Are bigger musky streamers better? There are many different schools of thought on this subject. Such as which types of food are available in the system at a certain time? The answer to this question supports just one of those schools of thought concerning the size of the fly. Getting a fish to strike isn't about what catches the angler's eye. It can be more about what the fish is looking to eat in the system or what the fish has been eating in that system the last few days. Reaction strikes? Reaction strikes are a different situation all together. Some of our best fish have come on the reaction strike. The fly hits the water and after a pull or two on the streamer, bang, fish on! Normally these strikes are very much blind luck. But, blind luck strikes can be among least expected and the most exciting. Ready to get out there and fish for those toothy critters? We have everything to put you in position to pick up your fish of a lifetime.
Winter and early Spring on the tailwaters are some of the best "big fish days". Even though it is early and really cold weather is still around the corner, the big fish "are on the eat." We have been pretty lucky so far and caught our share of nice ones. If you want to trophy hunt we can put you in position to do that too.
I called David K. and we agreed to meet up and float the river on high water. The weather was going to be wet and nasty with additional nastiness as the day wore on. We began the day banging along the banks. There was very little action. A few fish flashing but no real commitment was just the way it was going. We swapped tactics and anchored to fish the edge of a gravel bar. A few hours early the gravel bars were high and dry, but with the high water we finally found some feeding fish. I was lucky to be in the front brace and David was in the rear brace. Both of us were
thrashing the water wildly tossing smaller streamers. The absence of color was getting the most looks. Finally the 6 wt, Helios 2 stopped in mid-presentation and the first fight of the day was on.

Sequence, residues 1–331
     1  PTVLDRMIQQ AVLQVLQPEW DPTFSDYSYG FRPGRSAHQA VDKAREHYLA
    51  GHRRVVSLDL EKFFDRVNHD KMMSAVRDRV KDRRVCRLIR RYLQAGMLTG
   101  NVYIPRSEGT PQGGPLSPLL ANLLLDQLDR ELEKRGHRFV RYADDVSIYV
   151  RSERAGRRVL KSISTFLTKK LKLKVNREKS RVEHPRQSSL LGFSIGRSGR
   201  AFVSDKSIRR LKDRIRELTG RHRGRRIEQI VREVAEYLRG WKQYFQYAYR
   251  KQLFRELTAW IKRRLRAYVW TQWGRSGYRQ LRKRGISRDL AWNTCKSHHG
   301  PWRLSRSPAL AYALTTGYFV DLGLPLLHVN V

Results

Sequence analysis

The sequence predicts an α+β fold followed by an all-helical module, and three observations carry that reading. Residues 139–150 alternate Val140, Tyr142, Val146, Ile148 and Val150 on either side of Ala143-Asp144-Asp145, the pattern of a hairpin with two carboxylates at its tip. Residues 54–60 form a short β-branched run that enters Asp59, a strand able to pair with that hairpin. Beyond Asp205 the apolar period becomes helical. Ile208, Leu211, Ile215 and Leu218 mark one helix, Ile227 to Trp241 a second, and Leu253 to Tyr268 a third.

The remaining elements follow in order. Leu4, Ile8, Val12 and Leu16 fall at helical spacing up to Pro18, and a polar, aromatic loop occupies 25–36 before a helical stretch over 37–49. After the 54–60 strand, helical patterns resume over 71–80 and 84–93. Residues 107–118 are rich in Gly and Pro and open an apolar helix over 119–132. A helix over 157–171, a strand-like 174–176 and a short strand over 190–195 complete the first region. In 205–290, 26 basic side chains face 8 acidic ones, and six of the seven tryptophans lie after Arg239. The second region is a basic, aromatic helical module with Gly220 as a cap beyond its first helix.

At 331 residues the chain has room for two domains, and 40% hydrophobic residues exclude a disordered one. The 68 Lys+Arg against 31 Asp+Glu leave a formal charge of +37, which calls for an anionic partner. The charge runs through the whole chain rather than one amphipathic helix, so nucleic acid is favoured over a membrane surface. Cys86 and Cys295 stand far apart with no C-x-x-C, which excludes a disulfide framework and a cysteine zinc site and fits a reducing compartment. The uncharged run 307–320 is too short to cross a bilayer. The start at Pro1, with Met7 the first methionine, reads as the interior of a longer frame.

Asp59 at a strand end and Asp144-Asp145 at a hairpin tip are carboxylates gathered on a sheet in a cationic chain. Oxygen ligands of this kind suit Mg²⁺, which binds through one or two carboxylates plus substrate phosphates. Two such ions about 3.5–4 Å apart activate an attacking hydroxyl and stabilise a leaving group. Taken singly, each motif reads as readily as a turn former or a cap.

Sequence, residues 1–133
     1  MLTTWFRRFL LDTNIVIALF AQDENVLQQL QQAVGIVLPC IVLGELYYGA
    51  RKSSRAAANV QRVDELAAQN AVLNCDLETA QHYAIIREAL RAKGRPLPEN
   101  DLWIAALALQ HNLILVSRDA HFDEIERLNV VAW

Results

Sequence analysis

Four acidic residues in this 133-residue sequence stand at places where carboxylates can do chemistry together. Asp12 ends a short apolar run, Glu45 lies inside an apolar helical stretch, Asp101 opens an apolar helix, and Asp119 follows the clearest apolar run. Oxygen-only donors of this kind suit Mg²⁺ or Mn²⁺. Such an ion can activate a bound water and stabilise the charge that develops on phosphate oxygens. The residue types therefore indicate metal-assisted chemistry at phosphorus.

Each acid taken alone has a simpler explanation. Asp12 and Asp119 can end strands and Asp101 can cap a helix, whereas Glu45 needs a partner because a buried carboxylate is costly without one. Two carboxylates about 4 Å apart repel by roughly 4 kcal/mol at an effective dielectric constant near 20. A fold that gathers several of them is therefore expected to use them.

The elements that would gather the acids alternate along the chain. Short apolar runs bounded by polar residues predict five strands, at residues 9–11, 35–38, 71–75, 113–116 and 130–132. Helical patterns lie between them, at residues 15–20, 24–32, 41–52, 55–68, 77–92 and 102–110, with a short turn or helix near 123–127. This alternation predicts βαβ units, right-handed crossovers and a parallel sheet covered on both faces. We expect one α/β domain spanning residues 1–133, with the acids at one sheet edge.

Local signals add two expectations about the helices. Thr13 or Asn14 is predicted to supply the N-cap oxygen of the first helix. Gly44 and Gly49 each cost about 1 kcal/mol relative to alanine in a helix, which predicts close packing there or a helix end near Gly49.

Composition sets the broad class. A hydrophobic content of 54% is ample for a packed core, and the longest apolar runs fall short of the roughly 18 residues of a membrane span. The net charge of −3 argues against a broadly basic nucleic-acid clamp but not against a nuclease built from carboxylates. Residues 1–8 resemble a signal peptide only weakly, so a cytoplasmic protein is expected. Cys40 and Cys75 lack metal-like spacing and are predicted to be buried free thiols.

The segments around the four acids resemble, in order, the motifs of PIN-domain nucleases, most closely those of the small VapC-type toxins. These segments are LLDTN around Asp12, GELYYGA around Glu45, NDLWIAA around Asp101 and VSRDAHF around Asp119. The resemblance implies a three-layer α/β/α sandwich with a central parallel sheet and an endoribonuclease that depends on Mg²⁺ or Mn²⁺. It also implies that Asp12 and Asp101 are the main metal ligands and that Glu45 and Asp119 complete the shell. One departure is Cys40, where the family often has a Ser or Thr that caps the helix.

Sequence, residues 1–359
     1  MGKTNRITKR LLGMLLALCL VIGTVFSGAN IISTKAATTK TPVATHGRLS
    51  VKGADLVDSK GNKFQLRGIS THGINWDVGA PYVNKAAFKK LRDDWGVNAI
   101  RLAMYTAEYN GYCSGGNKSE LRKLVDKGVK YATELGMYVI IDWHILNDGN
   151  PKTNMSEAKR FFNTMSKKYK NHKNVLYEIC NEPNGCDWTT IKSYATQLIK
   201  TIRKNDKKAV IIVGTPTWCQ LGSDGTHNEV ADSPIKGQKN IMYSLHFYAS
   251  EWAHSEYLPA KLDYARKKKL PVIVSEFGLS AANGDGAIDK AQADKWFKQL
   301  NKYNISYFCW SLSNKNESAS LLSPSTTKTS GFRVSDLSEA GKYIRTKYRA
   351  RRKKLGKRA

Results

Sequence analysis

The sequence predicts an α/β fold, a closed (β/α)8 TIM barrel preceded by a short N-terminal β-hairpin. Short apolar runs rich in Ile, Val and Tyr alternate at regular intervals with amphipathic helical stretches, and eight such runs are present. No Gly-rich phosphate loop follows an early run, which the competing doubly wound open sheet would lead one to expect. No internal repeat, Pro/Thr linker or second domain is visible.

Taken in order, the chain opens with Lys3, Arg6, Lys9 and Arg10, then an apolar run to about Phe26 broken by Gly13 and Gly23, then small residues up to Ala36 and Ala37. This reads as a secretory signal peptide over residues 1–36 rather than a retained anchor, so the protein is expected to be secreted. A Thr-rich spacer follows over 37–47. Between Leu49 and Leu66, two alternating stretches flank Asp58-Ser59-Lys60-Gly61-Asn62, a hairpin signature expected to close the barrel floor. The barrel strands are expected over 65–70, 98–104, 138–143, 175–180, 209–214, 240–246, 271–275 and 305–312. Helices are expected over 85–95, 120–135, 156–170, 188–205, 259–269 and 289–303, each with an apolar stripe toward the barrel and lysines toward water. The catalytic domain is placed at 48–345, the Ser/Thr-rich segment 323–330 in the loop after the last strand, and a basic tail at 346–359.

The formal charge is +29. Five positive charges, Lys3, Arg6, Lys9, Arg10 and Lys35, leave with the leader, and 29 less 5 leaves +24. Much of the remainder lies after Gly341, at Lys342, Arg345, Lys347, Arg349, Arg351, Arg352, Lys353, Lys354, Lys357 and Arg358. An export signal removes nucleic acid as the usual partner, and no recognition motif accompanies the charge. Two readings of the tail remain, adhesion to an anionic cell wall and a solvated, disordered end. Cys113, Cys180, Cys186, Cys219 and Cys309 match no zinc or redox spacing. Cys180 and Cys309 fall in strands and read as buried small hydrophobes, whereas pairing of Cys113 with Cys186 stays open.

It didn't take long to figure out this was a big fish. There was the stop of the rod, the hook set with a pull back from the fish and then the head shakes. There were a lot of head shakes and when that wasn't working the fish went to the bottom of the river to try something new. Fortunately, I saw this fishy move the day before with Donnie in the front brace and remembered what to do. I didn't completely lose my mind but it could have happened. While all this action was unfolding David K. moved into the rower's seat and lifted the anchor. He also had his net poised for the scoop. When the time was right and the fish was ready, we moved the fish into the net. A couple hero shots, some time to revive the fish and then it was over. The river was once again calm with a quick flow. Just like that we were just watching the river pass. However, now we were both saying "wow what a fish". Then it was David's turn in the front brace as I checked back in at the rower's seat. A short time later we spotted an eagle enjoying the river as well. It was all came together just as the rain picked up.Do you want to learn to streamer fish or already know how but want your shot at a big fish? The rivers in Middle Tennessee are pretty darned pleasant right now and should be that way for the next few months. The recreational traffic is non-existent for the most part and the fair weather anglers are couch-sitting. That's fine because just these two factors open up more opportunity, which is needed as the metabolism of the fish slows a little. There are no guarantees when hunting for that trophy fish, but there are some open dates on the calendar before and after the New Year to get your shot. Just get in touch via email, phone or text to get a date on the books.
There was 5" of rain that fell in Middle Tennessee so right now there is enough water to go around. But, already the lakes have peaked and have begun their fall. We are expecting heavy generation for the next few weeks at least. After that we are hoping for some longer windows of fishable flows as we move toward colder weather. Stay tuned for reports throughout the upcoming months.